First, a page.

Understanding the Science of Vaccine Development:
A Virtual Conversation with Dr. Robert Seder, National Institutes of Health
- How did the NIH work with Moderna to develop their vaccine?
- If I am fully vaccinated, when do I need a booster shot? And will booster shots be ready in time?
- Does it matter what booster shot I get?
- Will the vaccines protect us against the new variants?
Science Writers in New York is proud to present Dr. Robert Seder, chief, Cellular Immunology Section, National Institutes of Health. Dr. Seder will talk to SWINY co-chair David Levine (@dlloydlevine) about the inner workings of COVID-19 vaccine mechanisms and their development, how effective and how long the antibodies they produce will be and whether they will protect us as new variants emerge. He will also discuss innate immunity, adjuvants and personalized cancer vaccine design as well as malaria monoclonal antibodies.
Dr. Seder was involved in the research that led to the approval of Moderna’s candidate mRNA-1273 vaccine, which was co-developed by scientists at the NIAID Vaccine Research Center and at Moderna, Inc. He was one of the authors of a study published July 28, 2020 in the New England Journal of Medicine that found that two doses of the experimental mRNA-1273 vaccine to prevent coronavirus disease 2019 (COVID-19) induced robust immune responses and rapidly controlled the coronavirus in the upper and lower airways of rhesus macaques exposed to SARS-CoV-2. The animal study results complemented the interim results from an NIAID-sponsored Phase 1 clinical trial of mRNA-1273 in healthy adults. The FDA authorized Moderna’s vaccine on December 18.
About Dr. Robert Seder
Dr. Seder received his B.A. in Natural Science at Johns Hopkins University in 1981 and his M.D. at Tufts University in 1986 and completed his residency in internal medicine at New York Hospital-Cornell Medical Center. Dr. Seder did his postdoctoral training at NIAID with Dr. William Paul studying how cytokines influence CD4+ T helper cell differentiation.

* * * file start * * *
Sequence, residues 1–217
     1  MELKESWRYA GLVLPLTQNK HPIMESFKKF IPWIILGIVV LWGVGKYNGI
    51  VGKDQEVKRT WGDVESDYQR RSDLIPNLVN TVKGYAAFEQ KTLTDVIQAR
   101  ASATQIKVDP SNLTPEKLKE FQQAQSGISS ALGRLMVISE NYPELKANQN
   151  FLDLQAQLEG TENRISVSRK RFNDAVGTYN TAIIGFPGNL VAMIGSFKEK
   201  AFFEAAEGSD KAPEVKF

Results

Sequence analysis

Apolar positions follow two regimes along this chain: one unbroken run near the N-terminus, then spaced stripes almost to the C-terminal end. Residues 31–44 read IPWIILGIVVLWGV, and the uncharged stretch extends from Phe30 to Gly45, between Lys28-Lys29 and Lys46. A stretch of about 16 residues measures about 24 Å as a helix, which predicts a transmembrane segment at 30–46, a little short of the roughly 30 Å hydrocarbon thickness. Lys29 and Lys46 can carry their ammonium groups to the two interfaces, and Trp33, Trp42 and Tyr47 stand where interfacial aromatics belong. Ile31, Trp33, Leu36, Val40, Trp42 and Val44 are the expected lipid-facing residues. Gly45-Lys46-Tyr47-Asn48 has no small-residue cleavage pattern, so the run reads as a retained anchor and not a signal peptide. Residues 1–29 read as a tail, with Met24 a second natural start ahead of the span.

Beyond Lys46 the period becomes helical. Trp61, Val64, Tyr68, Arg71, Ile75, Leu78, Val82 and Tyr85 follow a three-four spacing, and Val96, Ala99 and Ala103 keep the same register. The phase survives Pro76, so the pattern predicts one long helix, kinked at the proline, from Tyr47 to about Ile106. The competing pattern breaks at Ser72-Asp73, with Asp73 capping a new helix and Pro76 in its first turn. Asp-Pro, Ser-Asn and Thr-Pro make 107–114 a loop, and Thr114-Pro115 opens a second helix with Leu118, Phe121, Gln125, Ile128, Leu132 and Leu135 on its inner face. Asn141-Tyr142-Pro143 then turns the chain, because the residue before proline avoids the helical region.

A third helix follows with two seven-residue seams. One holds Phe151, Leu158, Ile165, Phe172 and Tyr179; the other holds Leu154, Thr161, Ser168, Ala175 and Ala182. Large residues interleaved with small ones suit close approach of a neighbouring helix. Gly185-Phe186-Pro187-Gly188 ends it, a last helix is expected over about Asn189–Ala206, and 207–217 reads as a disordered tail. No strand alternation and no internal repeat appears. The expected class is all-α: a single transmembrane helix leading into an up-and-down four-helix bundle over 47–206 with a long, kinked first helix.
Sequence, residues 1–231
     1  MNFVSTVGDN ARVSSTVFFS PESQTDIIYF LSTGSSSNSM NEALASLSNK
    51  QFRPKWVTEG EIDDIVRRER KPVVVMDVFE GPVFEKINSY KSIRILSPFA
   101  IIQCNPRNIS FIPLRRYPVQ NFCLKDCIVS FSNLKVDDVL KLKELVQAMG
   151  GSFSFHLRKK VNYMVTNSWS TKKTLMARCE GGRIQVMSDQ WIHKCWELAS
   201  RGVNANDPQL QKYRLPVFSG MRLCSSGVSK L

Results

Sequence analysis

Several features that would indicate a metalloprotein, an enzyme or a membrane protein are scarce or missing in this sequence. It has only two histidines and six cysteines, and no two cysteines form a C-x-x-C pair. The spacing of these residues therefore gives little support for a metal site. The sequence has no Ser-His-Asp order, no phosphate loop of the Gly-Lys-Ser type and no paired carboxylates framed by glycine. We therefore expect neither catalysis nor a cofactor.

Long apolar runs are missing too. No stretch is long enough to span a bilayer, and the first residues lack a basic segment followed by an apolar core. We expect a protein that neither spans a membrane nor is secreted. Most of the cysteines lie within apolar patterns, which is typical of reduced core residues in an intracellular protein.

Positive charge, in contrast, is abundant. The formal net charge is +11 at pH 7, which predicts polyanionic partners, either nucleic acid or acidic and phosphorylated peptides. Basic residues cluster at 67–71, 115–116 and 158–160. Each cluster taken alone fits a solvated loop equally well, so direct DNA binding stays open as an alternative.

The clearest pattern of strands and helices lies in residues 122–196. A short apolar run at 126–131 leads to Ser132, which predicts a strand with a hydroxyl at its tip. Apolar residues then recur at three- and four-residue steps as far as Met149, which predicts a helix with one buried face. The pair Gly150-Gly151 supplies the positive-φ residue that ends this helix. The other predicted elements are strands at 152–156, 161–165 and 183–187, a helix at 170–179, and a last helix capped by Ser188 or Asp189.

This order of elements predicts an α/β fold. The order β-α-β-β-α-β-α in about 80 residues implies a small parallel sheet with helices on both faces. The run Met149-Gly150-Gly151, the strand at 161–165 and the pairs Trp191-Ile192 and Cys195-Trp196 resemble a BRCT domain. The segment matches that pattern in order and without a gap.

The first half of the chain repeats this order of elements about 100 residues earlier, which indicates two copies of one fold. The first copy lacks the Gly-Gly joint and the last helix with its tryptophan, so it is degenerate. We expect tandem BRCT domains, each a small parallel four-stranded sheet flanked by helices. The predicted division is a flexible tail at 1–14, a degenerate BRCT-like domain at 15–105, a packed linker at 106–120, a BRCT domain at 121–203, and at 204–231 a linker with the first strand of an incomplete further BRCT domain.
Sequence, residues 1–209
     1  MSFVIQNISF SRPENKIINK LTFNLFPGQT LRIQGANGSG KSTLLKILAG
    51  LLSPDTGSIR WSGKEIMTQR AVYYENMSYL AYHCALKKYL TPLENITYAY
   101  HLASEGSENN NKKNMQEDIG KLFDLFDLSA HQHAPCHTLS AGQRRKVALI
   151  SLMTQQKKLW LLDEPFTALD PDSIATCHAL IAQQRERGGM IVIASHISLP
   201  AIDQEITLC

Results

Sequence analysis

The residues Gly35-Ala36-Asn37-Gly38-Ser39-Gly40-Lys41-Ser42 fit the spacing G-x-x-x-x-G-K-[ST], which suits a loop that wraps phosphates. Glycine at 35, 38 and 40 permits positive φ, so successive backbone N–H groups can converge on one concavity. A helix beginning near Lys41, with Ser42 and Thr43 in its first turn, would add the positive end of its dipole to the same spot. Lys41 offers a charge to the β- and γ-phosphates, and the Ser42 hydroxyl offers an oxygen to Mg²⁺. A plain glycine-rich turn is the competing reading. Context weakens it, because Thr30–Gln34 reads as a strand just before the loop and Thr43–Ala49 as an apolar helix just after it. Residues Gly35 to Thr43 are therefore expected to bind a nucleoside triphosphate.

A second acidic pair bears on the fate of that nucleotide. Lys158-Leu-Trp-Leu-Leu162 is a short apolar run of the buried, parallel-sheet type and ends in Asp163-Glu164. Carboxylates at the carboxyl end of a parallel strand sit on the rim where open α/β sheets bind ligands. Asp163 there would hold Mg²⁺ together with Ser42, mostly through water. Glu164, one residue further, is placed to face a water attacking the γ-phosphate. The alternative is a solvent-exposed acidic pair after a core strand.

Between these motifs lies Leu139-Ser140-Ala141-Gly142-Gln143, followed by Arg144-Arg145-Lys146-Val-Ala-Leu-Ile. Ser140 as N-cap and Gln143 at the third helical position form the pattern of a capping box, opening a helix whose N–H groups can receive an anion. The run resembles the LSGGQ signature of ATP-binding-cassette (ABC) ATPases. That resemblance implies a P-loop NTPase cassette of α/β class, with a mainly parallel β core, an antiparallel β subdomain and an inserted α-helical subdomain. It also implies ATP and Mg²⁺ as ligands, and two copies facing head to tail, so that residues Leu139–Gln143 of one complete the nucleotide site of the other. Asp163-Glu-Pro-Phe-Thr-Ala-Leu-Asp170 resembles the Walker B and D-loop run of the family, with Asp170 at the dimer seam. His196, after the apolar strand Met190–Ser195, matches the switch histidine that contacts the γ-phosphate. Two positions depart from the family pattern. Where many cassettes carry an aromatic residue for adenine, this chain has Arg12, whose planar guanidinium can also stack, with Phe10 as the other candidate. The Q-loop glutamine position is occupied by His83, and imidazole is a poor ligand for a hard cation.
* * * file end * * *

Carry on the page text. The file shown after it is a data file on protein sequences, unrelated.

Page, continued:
n 1994, Dr. Seder became chief of the Clinical Immunology Section in the Laboratory of Clinical Investigation, part of the NIAID Division of Intramural Research. Dr. Seder was then appointed to a tenured position in the Vaccine Research Center (VRC), Laboratory of Immunology in 2000. Since joining the VRC, Dr. Seder has focused his efforts on understanding the innate and adaptive mechanisms by which various vaccines approaches mediate protective antibody and T cell immunity in mouse, non-human primate and human models of HIV, malaria and tuberculosis infection. Dr. Seder is internationally recognized in the field of vaccine biology and cellular immunology. He currently serves as chief of the Cellular Immunology Section in the VRC.
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Tuesday, May 18
7 to 8 pm EDT